Employment Dynamics and Business Cycles

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Young, small businesses were more sensitive to the business cycle than older, large businesses.

There is considerable debate about how firms of different sizes respond to the business cycle. Some evidence shows that small firms are more sensitive to cycles, while other evidence finds that larger firms are more sensitive. In How Firms Respond to Business Cycles: The Role of Firm Age and Firm Size (NBER Working Paper No. 19134), authors Teresa Fort, John Haltiwanger, Ron Jarmin, and Javier Miranda provide new evidence incorporating a key distinction between firm size and firm age.

Using a database of employer businesses in the United States from 1981 to 2010 along with cyclical indicators such as the unemployment rate, they find that distinguishing between young and old small businesses is of critical importance. Small, young businesses (firms that are less than 5 years old and have fewer than 20 employees) exhibited very different cyclical dynamics than small but older businesses. Older small businesses responded less to an increase in the unemployment rate than younger small businesses. In addition, young, small businesses were more sensitive to the business cycle than older, large businesses - those that are more than 5 years old and have over 500 employees. A rise in the state unemployment rate reduced the differential in the net job creation rate between small, young businesses and large, mature businesses, and the effect persisted for a number of years. Therefore, young, small businesses were more vulnerable to business cycle shocks. The important decline in net job creation for small, young firms was the result of a fall in gross job creation and a large increase in job destruction. In contrast, among older businesses, the evidence of differences in cyclical dynamics based on size was mixed.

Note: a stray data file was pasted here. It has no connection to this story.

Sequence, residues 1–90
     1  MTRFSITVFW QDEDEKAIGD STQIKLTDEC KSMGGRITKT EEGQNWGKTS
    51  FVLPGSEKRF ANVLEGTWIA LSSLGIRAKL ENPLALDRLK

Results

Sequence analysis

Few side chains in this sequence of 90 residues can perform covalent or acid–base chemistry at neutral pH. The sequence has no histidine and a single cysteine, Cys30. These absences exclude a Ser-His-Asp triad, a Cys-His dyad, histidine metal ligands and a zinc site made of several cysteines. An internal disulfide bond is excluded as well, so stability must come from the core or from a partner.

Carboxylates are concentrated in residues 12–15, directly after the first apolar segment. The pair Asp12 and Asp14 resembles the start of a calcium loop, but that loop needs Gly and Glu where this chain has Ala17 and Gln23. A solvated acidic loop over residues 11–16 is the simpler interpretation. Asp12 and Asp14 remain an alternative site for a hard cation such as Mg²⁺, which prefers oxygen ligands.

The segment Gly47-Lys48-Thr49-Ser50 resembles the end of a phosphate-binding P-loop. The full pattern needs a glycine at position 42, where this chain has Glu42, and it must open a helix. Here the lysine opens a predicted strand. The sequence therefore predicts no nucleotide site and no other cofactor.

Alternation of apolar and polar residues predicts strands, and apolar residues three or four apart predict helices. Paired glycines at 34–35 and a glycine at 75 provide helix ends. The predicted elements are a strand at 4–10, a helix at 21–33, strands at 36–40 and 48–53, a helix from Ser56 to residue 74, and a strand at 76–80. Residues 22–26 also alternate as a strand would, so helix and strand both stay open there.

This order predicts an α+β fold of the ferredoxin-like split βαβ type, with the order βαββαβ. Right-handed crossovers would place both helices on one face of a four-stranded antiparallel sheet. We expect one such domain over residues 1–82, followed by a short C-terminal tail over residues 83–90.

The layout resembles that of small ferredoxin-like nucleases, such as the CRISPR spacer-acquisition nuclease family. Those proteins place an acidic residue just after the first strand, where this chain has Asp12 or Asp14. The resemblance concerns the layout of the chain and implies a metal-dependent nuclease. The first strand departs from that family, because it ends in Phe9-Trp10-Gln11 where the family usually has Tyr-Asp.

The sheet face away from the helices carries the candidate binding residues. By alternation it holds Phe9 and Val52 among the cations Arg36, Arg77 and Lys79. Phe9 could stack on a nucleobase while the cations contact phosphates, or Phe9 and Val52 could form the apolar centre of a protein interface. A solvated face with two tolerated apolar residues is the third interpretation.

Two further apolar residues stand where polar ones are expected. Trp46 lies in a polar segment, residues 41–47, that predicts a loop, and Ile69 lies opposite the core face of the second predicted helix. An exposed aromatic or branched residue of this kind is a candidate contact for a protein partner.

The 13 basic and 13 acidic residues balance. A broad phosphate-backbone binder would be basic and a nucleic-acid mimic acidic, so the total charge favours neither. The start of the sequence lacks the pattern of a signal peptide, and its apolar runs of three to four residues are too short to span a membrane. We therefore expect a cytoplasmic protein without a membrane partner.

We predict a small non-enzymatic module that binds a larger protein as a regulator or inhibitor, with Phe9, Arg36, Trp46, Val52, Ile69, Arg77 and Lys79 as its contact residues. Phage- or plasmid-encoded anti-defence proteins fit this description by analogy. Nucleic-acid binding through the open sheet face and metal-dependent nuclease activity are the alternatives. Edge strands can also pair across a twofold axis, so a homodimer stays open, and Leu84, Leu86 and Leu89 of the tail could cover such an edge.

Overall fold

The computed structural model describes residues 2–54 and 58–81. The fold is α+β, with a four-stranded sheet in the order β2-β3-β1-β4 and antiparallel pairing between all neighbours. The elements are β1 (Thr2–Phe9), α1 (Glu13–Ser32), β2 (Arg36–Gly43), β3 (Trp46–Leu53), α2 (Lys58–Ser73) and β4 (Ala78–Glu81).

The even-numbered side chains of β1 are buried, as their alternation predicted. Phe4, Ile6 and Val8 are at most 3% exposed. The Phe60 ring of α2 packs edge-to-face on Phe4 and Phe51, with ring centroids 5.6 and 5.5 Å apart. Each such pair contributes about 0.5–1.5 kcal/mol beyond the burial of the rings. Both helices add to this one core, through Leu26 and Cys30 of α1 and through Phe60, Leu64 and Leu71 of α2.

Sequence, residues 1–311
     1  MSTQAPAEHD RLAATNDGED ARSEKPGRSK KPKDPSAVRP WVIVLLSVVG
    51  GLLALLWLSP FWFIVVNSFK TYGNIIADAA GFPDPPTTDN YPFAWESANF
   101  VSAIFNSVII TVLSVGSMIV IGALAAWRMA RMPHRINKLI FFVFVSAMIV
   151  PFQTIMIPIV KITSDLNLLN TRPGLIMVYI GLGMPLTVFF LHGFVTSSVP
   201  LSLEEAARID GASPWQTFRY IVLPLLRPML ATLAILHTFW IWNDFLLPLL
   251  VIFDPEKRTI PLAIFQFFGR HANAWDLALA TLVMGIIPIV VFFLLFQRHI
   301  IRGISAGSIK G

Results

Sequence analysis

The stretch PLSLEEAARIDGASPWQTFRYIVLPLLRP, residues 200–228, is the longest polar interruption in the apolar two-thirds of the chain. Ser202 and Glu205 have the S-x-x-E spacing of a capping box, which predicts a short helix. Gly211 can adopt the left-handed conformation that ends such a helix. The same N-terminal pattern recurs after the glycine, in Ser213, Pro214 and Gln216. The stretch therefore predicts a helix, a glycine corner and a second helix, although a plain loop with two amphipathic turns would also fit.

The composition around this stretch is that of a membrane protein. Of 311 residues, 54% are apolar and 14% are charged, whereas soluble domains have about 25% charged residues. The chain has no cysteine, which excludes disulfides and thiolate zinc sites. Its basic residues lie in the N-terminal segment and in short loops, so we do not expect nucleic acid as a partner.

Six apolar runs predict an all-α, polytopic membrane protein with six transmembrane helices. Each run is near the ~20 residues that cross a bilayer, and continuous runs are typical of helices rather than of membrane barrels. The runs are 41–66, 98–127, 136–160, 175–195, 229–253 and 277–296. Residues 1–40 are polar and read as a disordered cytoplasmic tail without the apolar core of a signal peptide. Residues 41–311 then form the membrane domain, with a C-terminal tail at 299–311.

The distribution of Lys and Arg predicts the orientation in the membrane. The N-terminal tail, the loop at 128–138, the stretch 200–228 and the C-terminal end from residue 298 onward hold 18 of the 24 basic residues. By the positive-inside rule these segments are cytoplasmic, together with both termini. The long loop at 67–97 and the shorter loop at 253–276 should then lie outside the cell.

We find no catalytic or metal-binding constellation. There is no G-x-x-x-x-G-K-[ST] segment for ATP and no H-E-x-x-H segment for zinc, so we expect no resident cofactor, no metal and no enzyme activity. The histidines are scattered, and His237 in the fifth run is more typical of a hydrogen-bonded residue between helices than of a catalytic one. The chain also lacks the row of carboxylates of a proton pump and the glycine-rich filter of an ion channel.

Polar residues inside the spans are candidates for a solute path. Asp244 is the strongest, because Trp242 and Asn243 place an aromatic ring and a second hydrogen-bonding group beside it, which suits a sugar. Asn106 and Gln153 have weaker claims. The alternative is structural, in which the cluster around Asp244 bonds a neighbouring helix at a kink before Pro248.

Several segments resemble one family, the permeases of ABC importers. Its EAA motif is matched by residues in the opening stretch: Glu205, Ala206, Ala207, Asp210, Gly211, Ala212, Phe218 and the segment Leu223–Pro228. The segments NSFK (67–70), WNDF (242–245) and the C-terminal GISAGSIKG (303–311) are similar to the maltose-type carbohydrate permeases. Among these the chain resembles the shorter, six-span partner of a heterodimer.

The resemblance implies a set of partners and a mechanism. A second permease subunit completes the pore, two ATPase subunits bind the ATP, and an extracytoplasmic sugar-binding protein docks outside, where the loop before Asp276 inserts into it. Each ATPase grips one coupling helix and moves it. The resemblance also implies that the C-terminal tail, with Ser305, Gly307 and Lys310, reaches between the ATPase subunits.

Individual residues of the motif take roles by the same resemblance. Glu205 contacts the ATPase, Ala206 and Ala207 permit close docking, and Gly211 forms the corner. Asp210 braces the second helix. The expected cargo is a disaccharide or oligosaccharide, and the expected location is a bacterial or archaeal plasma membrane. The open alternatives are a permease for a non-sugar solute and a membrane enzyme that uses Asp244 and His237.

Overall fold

The authors attempt to explain why young, small businesses were hit especially hard in the Great Recession. Many of the hypotheses about why small firms should be more sensitive to changes in credit conditions than their large firm counterparts are more relevant for startups and young firms than for established small firms. Young, small firms typically rely on personal sources of finance, including home equity, to establish credit lines. Therefore, the pronounced variation in housing prices during the Great Recession would be especially pertinent for these firms. Using differences in housing price variations across states, the authors present evidence that the collapse in housing prices accounts for a significant part of the large decline of employment at young, small businesses. In this case, the results are driven by the greater responsiveness of young, small businesses within selected sectors such as construction, finance, insurance and real estate, retail trade, and services.

--Claire Brunel